OFFENSE

QB: Vince Young

RB: Jamaal Charles

RB: Cedric Benson

WR: Jordan Shipley

WR: Roy Williams

TE: David Thomas

OL: Justin Blalock

OL: Jonathan Scott

OL: Derrick Dockery

OL: Leonard Davis

C: Lyle Sendlein

DEFENSE

DL: Brian Orakpo

DL: Cory Redding

DL: Shaun Rogers

DL: Casey Hampton

LB: Sergio Kindle

LB: Derrick Johnson

LB: Roddrick Muckelroy

DB: Earl Thomas

DB: Michael Huff

DB: Nathan Vasher

DB: Aaron Ross

P: Richmond McGee

K: Hunter Lawrence

KR: Quan Cosby

Offensive player of the decade: QB Vince Young. The most electrifying player of the decade capped his career by scoring the game-winning touchdown to lead his team to the national championship in his final drive. Brown finished with a 30-2 record, 6.040 passing yards and 3,127 rushing yards.

Defensive player of the decade: LB Derrick Johnson. He wasn’t around when the Longhorns won the national championship, but was perhaps the best player at his position at the school since Tommy Nobis. He capped his career with the Nagurski and Butkus Awards after earning All-America honors in each of his last two seasons.

Coach of the decade: Mack Brown. Remember when people used to joke about his inability to win big games or how he coddled his players. That all changed as the decade progressed. Brown got tougher and made some astute moves at defensive coordinator to help his program take the next step with the addition of coaches like Gene Chizik and Will Muschamp.

Moment of the decade: Vince Young’s run leads comeback victory to the 2005 national championship. Young’s game-winning 8-yard TD run with 19 seconds left boosted the Longhorns to a 41-38 victory over USC in the 2006 Rose Bowl, providing the margin of victory in one of the greatest college football games in history. Michael Huff’s fourth-down stop of LenDale White on the preceding drive set up Young’s heroics to snap the Trojans’ 34-game winning streak.

Williams' dramatic run ranks as the Big 12's No. 13 memory

June, 24, 2009
6/24/09
6:30
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Posted by ESPN.com's Tim Griffin

No. 13

Run, Ricky, run
Date:
Nov. 27, 1998
Place: Darrell K. Royal-Texas Memorial Stadium, Austin, Texas.
Score: Texas 26, Texas A&M 24

Ricky Williams entered the final game of the 1998 regular season needing only 11 yards to break Tony Dorsett's career rushing leader.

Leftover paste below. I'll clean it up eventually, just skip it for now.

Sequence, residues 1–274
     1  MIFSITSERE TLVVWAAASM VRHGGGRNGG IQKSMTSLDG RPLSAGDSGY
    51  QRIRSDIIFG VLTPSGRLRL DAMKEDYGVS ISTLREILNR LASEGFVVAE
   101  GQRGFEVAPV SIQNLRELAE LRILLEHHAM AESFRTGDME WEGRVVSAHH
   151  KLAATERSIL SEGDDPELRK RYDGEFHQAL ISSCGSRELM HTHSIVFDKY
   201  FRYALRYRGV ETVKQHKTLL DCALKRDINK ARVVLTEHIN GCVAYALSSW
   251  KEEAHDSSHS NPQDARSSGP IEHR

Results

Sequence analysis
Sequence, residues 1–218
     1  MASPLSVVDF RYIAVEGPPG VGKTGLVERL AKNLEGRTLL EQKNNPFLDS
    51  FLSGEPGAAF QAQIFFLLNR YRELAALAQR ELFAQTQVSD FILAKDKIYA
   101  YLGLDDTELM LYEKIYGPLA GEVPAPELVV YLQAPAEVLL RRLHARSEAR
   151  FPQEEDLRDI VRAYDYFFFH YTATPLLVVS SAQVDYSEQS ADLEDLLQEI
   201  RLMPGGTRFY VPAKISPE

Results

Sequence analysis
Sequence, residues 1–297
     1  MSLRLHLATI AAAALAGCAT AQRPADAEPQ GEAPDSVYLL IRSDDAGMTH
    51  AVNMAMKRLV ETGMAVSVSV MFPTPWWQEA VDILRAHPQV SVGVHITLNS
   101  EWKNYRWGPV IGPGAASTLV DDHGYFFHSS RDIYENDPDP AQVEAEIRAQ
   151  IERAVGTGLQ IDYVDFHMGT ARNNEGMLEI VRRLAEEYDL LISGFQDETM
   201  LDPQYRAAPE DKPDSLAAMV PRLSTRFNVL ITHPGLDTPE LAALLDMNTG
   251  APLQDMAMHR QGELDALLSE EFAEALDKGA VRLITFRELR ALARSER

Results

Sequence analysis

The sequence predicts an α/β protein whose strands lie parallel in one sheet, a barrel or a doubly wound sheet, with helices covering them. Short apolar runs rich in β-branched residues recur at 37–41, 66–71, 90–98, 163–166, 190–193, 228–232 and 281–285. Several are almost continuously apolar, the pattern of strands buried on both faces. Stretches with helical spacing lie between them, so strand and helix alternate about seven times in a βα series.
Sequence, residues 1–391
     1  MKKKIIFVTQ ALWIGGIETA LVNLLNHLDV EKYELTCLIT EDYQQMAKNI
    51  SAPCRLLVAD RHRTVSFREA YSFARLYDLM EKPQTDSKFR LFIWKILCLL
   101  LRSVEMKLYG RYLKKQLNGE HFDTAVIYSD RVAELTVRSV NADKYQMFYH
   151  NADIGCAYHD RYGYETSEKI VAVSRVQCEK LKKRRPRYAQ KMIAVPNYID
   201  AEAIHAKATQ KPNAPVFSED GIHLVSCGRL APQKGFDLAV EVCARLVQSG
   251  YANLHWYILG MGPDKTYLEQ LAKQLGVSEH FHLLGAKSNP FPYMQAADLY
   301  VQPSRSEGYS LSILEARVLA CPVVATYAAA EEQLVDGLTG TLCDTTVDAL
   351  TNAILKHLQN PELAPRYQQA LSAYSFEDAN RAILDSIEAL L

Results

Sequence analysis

But the Texas running back did it in dramatic style, breaking the record on a 60-yard TD run where he broke three tackles.

Williams finished the game rushing for 259 yards on a career-high 44 carries as he later broke Napoleon McCallum's NCAA career all-purpose rushing record -- without the benefit of a kick return to help boost his totals.

With 1:13 left in the first quarter, Williams spun through massive clearing blocks by left tackle Leonard Davis and left guard Roger Roesler. After surging past Texas A&M linebacker Warrick Holdman, Williams took advantage of a lead block by fullback Ricky Brown. That pushed him into the secondary as he streaked down the left sideline.

Williams powered through a tackle attempt by Texas A&M safety Rich Coady at the A&M 12. He then took advantage of a devastating downfield block by wide receiver Wane McGarrity, barging past cornerback Jason Webster's desperate tackle at the end zone.

The game was briefly stopped while Williams received the game ball and was honored by a group of dignitaries including Dorsett, who had set the record 22 years before.

The festivities seemed to affect Williams, who fumbled on the next play after the record run, providing a miscue that enabled A&M to score its first touchdown of the game. A 20-yard pass from Randy McCown to Derrick Spiller on the first play of the second quarter accounted for that score.

But as big as Williams' record-breaking run was, there were other big memories in the game that ranks among the classics between the two bitter rivals.

Williams' record-breaking run remained Texas' only touchdown through three quarters as three Kris Stockton field goals boosted them to a 16-7 lead.

The Longhorns extended that lead to 23-7 on a 10-yard pass from Major Applewhite to Kwame Cavil with 9:46 left.

But Texas A&M, which had already clinched the Big 12 South title coming into the game, charged back with a 30-yard field goal by Russell Bynum 77 seconds later.

And on the play after Williams broke McCallum's all-purpose record -- his career-high 41st carry of the game -- Holdman forced him to fumble again. That led to a 17-yard TD pass from McCown to Spiller that trimmed Texas' lead to 23-17 with 7:39 left.

The Aggies again forced a defensive stop and a 35-yard punt return by Webster to the Texas 25 set them up. McCown then scored on a 1-yard keeper on fourth down with 2:20 left that gave them their first lead at 24-23.

Texas responded with the game-winning drive keyed by Applewhite, who completed 7-of-8 passes for 55 yards on the possession. That set up Stockton's game-winning 24-yard field goal with five seconds remaining.

Factoids to note: Williams finished with 6,279 career rushing yards -- a total that remains a Texas record. He became the eighth player in NCAA history to rush for 2,000 yards in a season, tying Marcus Allen's record for most 200-yard rushing games in a career ... Texas A&M linebacker Dat Nguyen provided 14 tackles to push his career total past 500 ... Applewhite completed 24-of-35 passes for 232 yards and a touchdown and an interception ... Stockton's late game-winning kick redeemed him after he earlier misfired on attempts of 50 and 28 yards ... The Texas defense was the underrated story of the game, holding the Aggies to minus-7 yards rushing and 173 total yards ... Texas produced 483 yards in the game against an A&M defense that was ranked second nationally in total defense coming into the game ... The loss snapped a 10-game A&M winning streak after a season-opening loss to Florida State.